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U.S. Metropolitan Museum of Art Displays Shirvashah’s Helmet


The art specimens of Azerbaijani masters spread all over the world since ancient times and had gained repute with its artistic excellence and beauty. The national handicraft masters’ works can be met in museums around the world, including in the United States.

Hundreds of rare art specimens can be found in the museums of Washington, New York, Chicago, Los Angeles, Philadelphia, Houston, San Francisco, Cleveland, Detroit, Boston and other cities, art galleries and private collections.

Among the samples kept in the U.S. Metropolitan Museum of Art one can find also a turban helmet, belonging to Shirvanshah Farrukh Yashar, the last ruler of Azerbaijan’s state Shirvanshahs.

The helmet dates back to the late 15th century and is made from steel, silver, copper alloy.

This especially attractive and well preserved turban helmet retains the mail aventail that protected the lower half of the face and neck. The aventail is fixed with a lead seal stamped with the mark used in the Ottoman arsenals, an indication that this example, like the other turban helmets also in the Museum’s collection, passed into Turkish possession as booty with the Ottoman conquest of Iran and the Caucasus.

Although the label of the showpiece depicts that the helmet was made for a ruler, the description mentions nothing about the belonging of the helmet to Azerbaijan.

The information about the helmet says that “At least one turban helmet decorated in a style comparable to this example bears the name of Farruhk-Siar (reigned 1464–1501), ruler of Shirvan in the Caucasus. Such evidence suggests that this helmet is also of Shirvan manufacture.”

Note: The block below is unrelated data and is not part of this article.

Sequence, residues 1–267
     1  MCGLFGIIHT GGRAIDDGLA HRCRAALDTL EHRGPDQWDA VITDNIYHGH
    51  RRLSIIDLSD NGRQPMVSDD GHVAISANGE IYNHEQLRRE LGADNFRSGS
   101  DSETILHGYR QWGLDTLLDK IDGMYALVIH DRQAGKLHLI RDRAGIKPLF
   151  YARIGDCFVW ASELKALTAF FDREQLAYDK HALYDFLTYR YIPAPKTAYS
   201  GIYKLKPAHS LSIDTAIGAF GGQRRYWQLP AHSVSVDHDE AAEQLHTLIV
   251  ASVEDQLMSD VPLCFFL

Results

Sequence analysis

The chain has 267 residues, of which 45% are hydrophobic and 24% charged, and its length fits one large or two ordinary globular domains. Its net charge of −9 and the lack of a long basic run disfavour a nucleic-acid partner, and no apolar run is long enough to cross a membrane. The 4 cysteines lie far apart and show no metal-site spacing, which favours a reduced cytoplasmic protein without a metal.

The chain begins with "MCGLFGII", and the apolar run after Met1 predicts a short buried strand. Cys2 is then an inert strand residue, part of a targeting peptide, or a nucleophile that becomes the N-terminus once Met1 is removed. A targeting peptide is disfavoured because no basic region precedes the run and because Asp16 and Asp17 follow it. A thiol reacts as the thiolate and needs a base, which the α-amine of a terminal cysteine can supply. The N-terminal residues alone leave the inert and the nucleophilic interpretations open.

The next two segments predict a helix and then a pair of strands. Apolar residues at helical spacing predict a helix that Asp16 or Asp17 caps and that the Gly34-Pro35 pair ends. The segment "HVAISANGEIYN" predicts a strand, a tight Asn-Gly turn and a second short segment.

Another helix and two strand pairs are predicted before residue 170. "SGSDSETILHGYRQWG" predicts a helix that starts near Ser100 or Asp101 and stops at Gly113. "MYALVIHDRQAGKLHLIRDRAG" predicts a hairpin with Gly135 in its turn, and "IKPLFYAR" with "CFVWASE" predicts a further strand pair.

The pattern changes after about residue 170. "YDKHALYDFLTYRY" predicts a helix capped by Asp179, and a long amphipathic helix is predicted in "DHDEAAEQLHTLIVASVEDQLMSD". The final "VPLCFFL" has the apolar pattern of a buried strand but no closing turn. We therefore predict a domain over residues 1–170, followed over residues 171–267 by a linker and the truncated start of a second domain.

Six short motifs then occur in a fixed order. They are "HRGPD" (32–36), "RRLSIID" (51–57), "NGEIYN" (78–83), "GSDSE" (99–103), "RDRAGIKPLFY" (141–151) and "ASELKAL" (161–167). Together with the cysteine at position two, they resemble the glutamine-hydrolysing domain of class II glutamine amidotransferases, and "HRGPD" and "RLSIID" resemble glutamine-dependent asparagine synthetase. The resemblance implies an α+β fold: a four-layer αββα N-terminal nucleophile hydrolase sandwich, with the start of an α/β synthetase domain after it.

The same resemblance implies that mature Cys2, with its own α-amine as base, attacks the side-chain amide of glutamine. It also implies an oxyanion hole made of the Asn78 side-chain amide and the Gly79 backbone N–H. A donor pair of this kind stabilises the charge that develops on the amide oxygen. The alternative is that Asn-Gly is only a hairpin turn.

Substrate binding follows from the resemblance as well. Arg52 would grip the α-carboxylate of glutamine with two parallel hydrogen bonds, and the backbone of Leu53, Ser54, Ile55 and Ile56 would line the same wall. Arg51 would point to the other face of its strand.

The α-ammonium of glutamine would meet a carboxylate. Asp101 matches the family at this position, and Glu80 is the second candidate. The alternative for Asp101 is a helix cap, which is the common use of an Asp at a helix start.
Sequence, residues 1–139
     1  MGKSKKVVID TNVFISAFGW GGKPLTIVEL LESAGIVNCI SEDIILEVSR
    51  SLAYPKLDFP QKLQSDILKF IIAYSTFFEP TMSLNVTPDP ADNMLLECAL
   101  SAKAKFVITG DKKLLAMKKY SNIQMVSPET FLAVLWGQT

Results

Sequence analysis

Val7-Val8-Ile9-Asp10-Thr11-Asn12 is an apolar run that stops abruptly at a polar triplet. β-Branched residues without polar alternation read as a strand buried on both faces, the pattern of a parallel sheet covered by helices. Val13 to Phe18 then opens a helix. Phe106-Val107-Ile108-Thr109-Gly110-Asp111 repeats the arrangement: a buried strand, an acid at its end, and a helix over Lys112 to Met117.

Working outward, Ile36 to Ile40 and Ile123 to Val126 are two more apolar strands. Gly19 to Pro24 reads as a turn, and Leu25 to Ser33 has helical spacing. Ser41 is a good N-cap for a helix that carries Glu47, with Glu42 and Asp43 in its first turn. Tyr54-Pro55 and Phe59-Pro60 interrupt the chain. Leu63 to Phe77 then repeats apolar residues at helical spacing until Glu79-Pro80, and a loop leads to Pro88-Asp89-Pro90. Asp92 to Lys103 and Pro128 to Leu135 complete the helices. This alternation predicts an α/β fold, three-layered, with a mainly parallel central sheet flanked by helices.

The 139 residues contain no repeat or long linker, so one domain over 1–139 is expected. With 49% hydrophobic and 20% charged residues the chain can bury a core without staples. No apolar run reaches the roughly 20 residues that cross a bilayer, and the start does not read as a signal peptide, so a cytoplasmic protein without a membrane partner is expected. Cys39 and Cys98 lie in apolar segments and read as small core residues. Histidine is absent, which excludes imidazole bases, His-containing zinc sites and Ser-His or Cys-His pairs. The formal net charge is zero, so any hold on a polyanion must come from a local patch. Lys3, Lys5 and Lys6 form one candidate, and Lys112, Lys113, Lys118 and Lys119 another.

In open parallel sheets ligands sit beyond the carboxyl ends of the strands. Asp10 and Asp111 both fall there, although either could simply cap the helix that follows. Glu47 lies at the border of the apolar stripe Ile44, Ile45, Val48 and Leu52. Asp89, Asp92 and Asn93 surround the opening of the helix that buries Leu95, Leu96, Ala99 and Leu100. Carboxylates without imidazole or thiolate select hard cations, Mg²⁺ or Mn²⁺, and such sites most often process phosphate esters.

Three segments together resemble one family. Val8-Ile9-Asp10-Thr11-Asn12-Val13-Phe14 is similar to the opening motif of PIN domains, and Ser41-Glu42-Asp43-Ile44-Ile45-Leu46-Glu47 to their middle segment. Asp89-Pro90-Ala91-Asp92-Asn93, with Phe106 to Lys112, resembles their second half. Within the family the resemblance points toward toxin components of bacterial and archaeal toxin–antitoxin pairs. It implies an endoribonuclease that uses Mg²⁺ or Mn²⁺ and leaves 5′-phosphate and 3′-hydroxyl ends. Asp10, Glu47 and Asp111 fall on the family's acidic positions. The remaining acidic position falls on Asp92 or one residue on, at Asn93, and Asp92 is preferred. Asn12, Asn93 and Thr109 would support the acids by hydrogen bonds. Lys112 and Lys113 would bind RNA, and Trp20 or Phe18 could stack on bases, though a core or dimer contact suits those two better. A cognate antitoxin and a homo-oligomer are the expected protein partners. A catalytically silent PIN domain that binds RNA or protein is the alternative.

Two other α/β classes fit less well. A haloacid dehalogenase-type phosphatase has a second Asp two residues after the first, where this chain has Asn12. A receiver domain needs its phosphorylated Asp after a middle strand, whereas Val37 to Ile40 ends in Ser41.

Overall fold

In fact, the State of Shirvanshahs founded between Shabran and Gilgilchay was approximately existed 1,000 years. Shirvanshahs took important role in continuation and upgrade of Azerbaijan people’s statehood traditions after the collapse of the Great Saldjuc emperorship. The current capital of Azerbaijan, Baku, was for the first time proclaimed the capital by Shirvanshahs in the 12th century.

Azerbaijani historian Sarah Ashurbeyli writes “In spite of the heroic struggle for independence for ten centuries, the Shirvanshahs state after 1538 virtually ceased to exist, it fell under the blows of the troops appeared on the historical scene of a strong Azerbaijani Safavid state, and there was not even a trace from this dynasty, except only a name.”

The Metropolitan Museum of Art, colloquially “the Met”, located in New York City, is the largest art museum in the United States and among the most visited art museums in the world. Its permanent collection contains over two million works, divided among seventeen curatorial departments.

The museum keeps many exhibits belonging to Azerbaijani history and culture including national instruments, carpets, belts and others.

By Amina Nazarli




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